Dunedin show, checking sound quality around the venue, and
''they clearly liked what they saw''.
The Simon concert will be a major boost for a venue that,
since Elton John, has struggled to attract international acts
- blamed on a tough touring market - as DVML grappled with a
$3.2 million loss for the 2011-12 year.
It was hoped the concert would attract fans to Dunedin from
outside the city, as happened when Elton John's show pumped
an estimated $14 million into Dunedin's economy.
''I would expect there will be a number of people who will be
coming to Dunedin for this concert,'' Mr Burden said.
''There will be a pretty significant economic impact for this
concert taking place,'' he said.
Tourism Dunedin chief executive Hamish Saxton was
''delighted'' by news of the concert, saying feedback after
the Elton John show was that visitors stayed longer, and
spent more, while also exploring the region.
Mr Burden said the concert was also good for business at
DVML, as it offered another chance to work with a promoter
and showcase the stadium's ability to host major
international concerts after a tough year.
''The venue has found attracting concerts to be somewhat of a
challenge. One of the key issues for us is to build a
reputation for hosting international concerts, and having
someone like Paul Simon, at that sort of level, builds upon
that reputation,'' he said.
Paul Frederic Simon
Born: Newark, New Jersey, United States
Lives: New Canaan, Connecticut, United States
Married to singer/songwriter Edla Brickell (since 1992)
Previously married to Carrie Fisher (1983- 84), Peggy Harper
Hit singles: The Sound of Silence, I am a Rock,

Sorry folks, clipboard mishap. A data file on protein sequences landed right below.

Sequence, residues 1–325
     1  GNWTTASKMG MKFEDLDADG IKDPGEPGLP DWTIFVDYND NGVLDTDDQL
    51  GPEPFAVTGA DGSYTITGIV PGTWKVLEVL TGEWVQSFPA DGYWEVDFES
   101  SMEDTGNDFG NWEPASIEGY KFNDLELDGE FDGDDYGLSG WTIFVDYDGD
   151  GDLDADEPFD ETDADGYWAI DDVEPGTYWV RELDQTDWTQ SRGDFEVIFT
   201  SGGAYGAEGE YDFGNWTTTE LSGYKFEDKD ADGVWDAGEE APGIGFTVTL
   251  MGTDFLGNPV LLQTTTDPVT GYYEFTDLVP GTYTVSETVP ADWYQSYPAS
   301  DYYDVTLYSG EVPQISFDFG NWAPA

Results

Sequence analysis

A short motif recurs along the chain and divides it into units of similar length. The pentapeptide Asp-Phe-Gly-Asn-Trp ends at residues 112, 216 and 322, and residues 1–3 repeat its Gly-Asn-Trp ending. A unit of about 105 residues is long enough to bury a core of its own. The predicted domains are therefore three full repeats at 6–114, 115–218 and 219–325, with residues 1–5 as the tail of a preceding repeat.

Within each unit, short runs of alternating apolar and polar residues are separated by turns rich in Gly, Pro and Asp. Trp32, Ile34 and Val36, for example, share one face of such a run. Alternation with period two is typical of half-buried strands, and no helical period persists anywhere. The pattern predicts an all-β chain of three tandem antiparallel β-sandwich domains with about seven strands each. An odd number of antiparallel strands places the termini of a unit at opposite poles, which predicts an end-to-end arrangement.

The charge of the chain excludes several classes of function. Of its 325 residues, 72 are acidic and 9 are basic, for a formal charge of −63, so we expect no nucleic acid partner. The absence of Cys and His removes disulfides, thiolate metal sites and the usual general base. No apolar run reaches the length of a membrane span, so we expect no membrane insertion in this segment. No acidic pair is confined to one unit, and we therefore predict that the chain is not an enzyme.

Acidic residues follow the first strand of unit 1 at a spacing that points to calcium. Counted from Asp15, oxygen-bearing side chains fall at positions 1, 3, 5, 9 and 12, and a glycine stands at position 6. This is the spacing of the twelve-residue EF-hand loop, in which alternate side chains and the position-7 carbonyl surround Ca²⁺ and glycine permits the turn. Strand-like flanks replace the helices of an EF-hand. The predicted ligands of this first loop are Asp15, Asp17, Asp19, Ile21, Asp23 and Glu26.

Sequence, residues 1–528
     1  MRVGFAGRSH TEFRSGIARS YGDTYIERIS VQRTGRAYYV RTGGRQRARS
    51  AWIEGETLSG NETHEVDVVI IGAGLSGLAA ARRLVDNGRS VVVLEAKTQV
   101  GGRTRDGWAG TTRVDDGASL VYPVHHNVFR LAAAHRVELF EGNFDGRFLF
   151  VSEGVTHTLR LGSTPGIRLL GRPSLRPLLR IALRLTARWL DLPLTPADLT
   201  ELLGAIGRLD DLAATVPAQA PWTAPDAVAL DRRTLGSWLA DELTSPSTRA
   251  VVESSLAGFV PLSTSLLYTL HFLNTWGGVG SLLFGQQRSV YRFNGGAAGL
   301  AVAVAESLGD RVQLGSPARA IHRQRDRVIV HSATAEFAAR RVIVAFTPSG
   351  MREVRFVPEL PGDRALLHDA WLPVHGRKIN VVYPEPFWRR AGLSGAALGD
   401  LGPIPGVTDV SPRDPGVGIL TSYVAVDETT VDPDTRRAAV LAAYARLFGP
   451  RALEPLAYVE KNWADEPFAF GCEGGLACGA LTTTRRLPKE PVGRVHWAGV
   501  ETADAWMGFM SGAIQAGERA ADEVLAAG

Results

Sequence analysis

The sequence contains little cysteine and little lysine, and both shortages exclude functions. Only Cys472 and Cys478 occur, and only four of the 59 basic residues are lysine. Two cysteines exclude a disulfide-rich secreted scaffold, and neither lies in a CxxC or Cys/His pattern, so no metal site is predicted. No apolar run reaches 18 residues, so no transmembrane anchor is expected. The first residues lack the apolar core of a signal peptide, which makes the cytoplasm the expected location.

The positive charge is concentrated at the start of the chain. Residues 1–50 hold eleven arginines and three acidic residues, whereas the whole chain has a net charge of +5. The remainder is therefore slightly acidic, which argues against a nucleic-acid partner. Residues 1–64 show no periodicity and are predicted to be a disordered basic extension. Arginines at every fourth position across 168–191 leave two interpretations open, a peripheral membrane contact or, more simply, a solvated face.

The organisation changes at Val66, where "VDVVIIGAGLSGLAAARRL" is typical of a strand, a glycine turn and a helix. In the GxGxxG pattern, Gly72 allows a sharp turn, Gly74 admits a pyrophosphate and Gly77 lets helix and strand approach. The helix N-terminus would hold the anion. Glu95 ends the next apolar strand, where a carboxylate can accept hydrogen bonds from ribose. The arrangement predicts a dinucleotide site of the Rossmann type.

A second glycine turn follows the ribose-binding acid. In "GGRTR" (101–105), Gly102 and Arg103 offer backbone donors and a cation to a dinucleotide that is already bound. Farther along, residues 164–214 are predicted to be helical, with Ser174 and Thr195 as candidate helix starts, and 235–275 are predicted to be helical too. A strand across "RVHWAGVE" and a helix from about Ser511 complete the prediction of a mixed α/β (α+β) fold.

Kodachrome, Scarborough Fair/Canticle, Mrs Robinson, Homeward
Bound, 50 Ways to Leave Your Lover, Me and Julio Down by the
Schoolyard, Cecilia, The Boy in the Bubble, Wake Up Little
Susie, The Boxer, Bridge Over Troubled Water
Studio albums: The Paul Simon Songbook(1965),
Paul Simon (1972), There Goes Rhymin' Simon
(1973), Still Crazy After All There Years (1975),
One Trick Pony (1980), Hearts and Bones (1983),
Graceland (1986), The Rhythm of the Saints
(1990), Songs from the Capeman (1997), You're the
One (2000), Surprise (2006), So Beautiful or so
Live albums: Paul Simon in Concert: Live
Rhymin' (1974), Paul Simon's Concert in the Park,
August 15 1991 (1991)
• Met Art Garfunkel at Forest Hills High School when they
were both 11 and performed their first song Hey, Schoolgirl
in 1957 as "Tom and Jerry"
• Formed Simon and Garfunkel in 1964 with Garfunkel,
achieving international fame, before splitting in 1970 at the
height of their success.
• Awarded 12 Grammys for his solo and collaborative work,
including the Lifetime Achievement Award.
• Simon and Garfunkel inducted in Rock and Roll Hall of Fame
• Simon inducted in Rock and Roll Hall of Fame as solo artist
• Selected as one of the ''100 People Who Shaped the World''
by Time Magazine in 2008.
• Performed the Sound of Silence last month at the funeral of
teacher Vicki Soto (27) who was killed protecting her
first-grade pupils at the Sandy Hook Elementary school